In case the IND doubts whether an asylum seeker is a child and the child is unable to prove their identity, an age assessment examination can be initiated. Within the scope of age assessment, two officers from the Immigration Service and the Border Police assess the physical characteristics and the behaviour of an asylum seeker who claims to be a minor.[11] These officers indicate whether they can conclude the asylum seeker is evidently a minor or evidently an adult. Such an assessment does not take place, however, in case of an EU-VIS hit. The Immigration Service will also conduct a search in Eurodac. In a report published on 30 November 2020, the Dutch Advisory Committee on Migration Affairs (Adviescommissie voor Vreemdelingenzaken, ACVZ) argued that this practice makes it nearly impossible for (alleged) minors to prove they are minors in case another Member State has registered them as an adult.[12] For more information, please see the Age assessment of unaccompanied children section above.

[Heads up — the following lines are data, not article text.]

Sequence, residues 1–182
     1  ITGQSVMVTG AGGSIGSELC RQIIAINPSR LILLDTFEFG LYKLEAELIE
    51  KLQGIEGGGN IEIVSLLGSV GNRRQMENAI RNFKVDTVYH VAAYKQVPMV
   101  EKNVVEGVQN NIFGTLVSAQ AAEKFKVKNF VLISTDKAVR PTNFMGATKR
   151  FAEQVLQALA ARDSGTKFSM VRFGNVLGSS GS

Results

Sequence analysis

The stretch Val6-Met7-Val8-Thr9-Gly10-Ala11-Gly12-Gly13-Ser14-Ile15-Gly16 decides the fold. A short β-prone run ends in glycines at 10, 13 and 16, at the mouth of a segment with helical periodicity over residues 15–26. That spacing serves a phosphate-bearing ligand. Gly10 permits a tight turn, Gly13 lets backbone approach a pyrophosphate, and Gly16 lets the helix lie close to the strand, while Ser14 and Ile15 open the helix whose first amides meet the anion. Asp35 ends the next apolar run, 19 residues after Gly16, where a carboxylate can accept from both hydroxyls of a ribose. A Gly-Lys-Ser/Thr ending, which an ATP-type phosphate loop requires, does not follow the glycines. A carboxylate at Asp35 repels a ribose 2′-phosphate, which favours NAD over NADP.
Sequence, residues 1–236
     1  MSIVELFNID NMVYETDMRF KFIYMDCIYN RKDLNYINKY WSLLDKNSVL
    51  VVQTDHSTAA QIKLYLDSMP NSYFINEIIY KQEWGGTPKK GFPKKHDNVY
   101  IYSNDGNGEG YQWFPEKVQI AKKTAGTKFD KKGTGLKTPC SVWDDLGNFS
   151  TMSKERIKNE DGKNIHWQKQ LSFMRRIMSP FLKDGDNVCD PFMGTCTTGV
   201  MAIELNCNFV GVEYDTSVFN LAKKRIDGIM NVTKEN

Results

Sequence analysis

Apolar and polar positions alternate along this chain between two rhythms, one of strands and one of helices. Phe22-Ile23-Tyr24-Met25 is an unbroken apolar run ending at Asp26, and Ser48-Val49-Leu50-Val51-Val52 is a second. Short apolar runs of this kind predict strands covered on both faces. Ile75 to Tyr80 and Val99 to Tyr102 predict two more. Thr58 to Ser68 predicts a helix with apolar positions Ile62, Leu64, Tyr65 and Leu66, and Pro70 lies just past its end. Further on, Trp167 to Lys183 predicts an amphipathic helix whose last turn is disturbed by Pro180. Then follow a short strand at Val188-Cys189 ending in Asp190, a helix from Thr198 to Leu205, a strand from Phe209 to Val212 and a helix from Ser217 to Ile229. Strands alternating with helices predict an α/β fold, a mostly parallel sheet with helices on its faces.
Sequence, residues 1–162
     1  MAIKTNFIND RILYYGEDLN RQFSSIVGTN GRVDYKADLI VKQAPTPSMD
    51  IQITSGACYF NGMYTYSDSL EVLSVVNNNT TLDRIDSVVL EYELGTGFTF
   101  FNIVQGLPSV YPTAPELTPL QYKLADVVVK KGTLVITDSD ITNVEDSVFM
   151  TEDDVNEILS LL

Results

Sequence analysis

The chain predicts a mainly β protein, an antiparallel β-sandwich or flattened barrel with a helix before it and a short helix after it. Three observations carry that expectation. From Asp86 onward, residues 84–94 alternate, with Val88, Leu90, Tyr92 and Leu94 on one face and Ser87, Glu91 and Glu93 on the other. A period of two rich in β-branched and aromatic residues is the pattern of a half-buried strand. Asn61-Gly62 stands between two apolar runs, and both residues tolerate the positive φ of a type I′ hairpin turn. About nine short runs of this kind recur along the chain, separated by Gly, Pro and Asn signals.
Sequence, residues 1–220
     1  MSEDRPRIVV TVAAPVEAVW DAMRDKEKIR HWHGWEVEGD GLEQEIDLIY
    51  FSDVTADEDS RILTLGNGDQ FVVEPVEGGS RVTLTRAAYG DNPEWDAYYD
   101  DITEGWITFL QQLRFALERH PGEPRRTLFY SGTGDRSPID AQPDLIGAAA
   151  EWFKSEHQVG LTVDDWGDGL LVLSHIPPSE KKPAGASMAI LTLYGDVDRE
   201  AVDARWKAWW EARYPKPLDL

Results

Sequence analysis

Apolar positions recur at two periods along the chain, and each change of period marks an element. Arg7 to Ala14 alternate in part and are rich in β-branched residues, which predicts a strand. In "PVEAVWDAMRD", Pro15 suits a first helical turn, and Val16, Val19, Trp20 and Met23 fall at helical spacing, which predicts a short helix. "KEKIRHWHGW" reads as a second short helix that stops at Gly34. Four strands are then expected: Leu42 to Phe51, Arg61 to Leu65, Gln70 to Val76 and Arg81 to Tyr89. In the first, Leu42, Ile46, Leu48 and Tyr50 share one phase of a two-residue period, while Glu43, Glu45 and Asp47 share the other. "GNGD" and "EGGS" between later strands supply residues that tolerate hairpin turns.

One of the issues that unaccompanied minors face when they are registered as an adult in another Member State, is that they will be transferred to a reception centre for adults when the immigration service changes their age based on the registration in the other Member State. On 4 November 2022, the Regional Court of Den Bosch ruled that a minor could not be transferred to an adult reception centre until the age of the applicant was properly examined.[13]

Return decisions for unaccompanied minors